For anyone who has read Bill James, read the book Moneyball, or analyzed baseball deeply, you’ll understand this; Forget defense!
Jesus Guzman, the Padres 27-year old career minor league first baseman, burst onto the scene this year when he was called up on June 16, 2011. In 271 plate appearances he posted a .312/.369/.478 slash-line. He proved to be the one bright spot during the Padres’ bleak summer. Ironically, he provided that spark and that shine at the position that was supposed to be occupied by Anthony Rizzo.
Rizzo flopped when he was called up and was quickly sent back to Triple-A Tucson to continue his destruction of PCL pitching. He wasn’t ready for Major League pitching. But Guzman was.
Yet, the Padres seem intent on playing Guzman at first and forcing him to compete for the job. Anthony Rizzo is still a highly touted prospect. One bad stint in his first trip to The Show doesn’t change that. So, let’s operate under the assumption that Rizzo will continue to develop and will provide the Padres with some offense from the first base position. Why keep Guzman there? Jesus Guzman has never been known for his defense. In fact, his defense was the handicap that kept him in the Minor Leagues for most of his career. Perhaps a change in scenery will do him good. No, not a trip to another team. I’m talking about stepping 15 feet to his right and filling the spot Orlando Hudson occupied with about as much flash as – well – as you’d expect from a Padres second baseman.
Guzman’s defense is not so detrimental that he can’t be converted to a second baseman. He would need to work on his double play relays with Jason Barlett. He would need some work covering the bag on pick-off attempts. But he could adjust, and the errors he surely would make at the position would likely be off-set by his offense. Off course this theory, this suggestion based on 271 plate appearances would all be for not should Guzman drop off the table offensively. However, this seems unlikely. Guzman has combined for approximately a half-season’s worth of plate appearances in his short career, 291 to be exact. In that time he has accumulated a .307/.361/.461 line with 5 home runs. That’s enough to plan around, and considering the Padres lack of success at second base combined with the lack of free-agent and minor-league options, Guzman may be the perfect fit.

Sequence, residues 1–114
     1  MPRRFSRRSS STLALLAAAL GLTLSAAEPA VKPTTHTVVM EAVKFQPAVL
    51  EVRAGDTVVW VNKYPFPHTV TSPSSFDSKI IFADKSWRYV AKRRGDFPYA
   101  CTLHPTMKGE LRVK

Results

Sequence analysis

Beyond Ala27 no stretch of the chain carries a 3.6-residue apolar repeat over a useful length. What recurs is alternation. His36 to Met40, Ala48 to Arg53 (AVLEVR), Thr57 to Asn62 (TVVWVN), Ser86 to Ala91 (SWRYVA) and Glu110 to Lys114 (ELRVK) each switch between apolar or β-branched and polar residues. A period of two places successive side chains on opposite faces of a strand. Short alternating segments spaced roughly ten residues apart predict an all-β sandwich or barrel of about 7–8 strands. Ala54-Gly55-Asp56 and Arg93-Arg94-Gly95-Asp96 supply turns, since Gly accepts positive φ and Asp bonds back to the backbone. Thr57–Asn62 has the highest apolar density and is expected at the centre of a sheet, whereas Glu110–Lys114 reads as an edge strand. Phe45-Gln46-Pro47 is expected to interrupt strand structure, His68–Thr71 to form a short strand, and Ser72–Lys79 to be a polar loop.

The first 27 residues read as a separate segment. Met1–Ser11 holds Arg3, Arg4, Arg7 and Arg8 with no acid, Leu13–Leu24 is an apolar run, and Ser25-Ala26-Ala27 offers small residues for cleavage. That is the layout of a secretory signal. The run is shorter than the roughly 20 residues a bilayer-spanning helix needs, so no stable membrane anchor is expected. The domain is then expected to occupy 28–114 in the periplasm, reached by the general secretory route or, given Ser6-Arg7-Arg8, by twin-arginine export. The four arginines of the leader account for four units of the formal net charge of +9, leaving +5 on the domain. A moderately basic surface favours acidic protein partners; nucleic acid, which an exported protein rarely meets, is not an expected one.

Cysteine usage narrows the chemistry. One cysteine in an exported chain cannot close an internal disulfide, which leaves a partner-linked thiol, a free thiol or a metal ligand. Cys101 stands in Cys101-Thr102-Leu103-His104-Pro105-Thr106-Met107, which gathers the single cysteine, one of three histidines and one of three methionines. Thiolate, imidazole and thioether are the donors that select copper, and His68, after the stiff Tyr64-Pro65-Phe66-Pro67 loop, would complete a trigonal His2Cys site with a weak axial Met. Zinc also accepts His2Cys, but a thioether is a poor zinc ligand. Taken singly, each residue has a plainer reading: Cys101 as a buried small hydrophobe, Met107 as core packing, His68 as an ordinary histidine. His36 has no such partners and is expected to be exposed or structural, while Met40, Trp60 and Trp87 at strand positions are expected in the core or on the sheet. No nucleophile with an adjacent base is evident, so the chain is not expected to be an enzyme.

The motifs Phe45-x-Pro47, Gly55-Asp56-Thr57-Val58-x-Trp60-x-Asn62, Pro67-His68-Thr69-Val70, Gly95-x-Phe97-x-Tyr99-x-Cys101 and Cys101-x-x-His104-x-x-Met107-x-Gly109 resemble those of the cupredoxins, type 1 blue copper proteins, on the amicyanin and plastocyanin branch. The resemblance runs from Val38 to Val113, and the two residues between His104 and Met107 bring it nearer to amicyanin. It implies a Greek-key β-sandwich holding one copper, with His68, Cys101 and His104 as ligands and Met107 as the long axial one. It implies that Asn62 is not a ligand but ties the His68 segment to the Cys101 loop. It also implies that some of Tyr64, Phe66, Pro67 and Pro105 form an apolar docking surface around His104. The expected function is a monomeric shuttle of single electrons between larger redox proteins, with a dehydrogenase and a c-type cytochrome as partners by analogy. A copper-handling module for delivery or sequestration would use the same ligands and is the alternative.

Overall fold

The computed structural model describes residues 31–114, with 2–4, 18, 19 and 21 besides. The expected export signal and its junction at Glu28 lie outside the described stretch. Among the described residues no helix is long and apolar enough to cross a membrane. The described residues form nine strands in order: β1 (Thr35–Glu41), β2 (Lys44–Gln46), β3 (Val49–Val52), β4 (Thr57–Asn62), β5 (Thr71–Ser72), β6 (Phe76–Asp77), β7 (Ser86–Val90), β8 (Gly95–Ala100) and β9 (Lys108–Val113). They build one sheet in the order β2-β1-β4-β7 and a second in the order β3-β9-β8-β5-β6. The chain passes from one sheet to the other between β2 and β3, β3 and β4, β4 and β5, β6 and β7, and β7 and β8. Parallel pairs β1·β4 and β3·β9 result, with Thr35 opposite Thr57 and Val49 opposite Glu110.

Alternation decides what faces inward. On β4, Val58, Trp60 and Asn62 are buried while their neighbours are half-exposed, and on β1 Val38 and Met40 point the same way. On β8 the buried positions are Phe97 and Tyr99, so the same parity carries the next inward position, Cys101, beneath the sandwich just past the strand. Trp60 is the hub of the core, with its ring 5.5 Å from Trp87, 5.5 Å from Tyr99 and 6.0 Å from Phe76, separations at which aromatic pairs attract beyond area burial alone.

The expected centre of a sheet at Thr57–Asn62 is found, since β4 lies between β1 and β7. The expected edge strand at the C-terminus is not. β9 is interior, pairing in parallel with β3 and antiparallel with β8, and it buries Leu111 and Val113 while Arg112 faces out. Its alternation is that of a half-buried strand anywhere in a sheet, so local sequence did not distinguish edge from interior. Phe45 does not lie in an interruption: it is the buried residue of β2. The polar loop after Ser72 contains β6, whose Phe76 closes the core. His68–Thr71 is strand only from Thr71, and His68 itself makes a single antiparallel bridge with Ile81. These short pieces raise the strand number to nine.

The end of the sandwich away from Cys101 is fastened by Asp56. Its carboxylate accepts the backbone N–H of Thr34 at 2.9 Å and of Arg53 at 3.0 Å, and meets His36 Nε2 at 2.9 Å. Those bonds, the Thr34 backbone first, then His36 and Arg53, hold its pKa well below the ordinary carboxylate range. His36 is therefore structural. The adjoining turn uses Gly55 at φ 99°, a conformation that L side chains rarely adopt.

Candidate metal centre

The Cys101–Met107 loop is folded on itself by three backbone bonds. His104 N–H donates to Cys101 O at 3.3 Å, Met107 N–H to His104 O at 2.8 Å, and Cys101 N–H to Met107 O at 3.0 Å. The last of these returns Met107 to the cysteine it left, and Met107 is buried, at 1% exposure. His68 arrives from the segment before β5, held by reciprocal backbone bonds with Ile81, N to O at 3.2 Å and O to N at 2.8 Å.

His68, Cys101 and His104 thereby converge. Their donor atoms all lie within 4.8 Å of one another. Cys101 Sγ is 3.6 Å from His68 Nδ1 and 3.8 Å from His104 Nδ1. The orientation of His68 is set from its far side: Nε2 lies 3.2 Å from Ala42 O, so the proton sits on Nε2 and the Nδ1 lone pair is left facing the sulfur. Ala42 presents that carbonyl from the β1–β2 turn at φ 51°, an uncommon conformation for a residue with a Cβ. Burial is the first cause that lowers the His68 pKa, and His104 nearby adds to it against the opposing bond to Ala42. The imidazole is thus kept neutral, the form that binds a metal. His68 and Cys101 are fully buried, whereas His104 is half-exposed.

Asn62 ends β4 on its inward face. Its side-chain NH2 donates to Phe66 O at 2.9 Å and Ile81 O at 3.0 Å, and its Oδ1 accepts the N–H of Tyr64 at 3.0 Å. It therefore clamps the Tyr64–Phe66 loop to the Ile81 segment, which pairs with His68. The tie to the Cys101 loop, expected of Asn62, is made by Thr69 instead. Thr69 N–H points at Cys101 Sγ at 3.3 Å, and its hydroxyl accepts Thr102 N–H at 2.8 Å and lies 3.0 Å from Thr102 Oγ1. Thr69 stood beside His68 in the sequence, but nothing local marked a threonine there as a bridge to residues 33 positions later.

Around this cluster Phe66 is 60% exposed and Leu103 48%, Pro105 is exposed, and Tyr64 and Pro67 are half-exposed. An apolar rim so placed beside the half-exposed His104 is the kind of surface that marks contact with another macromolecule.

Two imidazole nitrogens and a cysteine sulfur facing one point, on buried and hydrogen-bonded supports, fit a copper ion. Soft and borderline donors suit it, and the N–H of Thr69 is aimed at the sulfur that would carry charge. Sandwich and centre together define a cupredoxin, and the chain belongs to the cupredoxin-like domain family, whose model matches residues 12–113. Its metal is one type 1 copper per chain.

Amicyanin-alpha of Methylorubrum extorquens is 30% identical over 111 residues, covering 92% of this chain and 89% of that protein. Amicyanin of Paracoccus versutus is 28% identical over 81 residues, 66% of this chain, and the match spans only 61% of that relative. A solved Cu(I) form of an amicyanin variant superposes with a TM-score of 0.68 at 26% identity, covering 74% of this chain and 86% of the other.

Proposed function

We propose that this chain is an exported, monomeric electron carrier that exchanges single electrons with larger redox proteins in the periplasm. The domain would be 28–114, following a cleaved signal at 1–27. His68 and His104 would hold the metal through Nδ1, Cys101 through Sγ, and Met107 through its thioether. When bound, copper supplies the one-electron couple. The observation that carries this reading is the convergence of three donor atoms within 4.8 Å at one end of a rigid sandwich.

Orlando Hudson saw just 183 more plate appearances, but his numbers dip drastically compared with Guzman’s. Hudson posted a .246/.329/.352 slash line. He accounted for a wRC+ of 100 (league average), and he amassed only 1 WAR. Guzman put up nearly 2 WAR in less time and blew Hudson out of the water with a wRC+ of 144.
While the Padres may look toward their farm system (not a bad idea I might add), Corey Spangenberg is not quite ready and Drew Cumberland has the skill to play shortstop or second. For the Padres, their new-look front office, their rebuilding status, and their hopes of competing in an ever-improving National League West, Jesus Guzman may be their best option. But only if they move him to second base and clear the way for a first baseman with a little more offensive pop.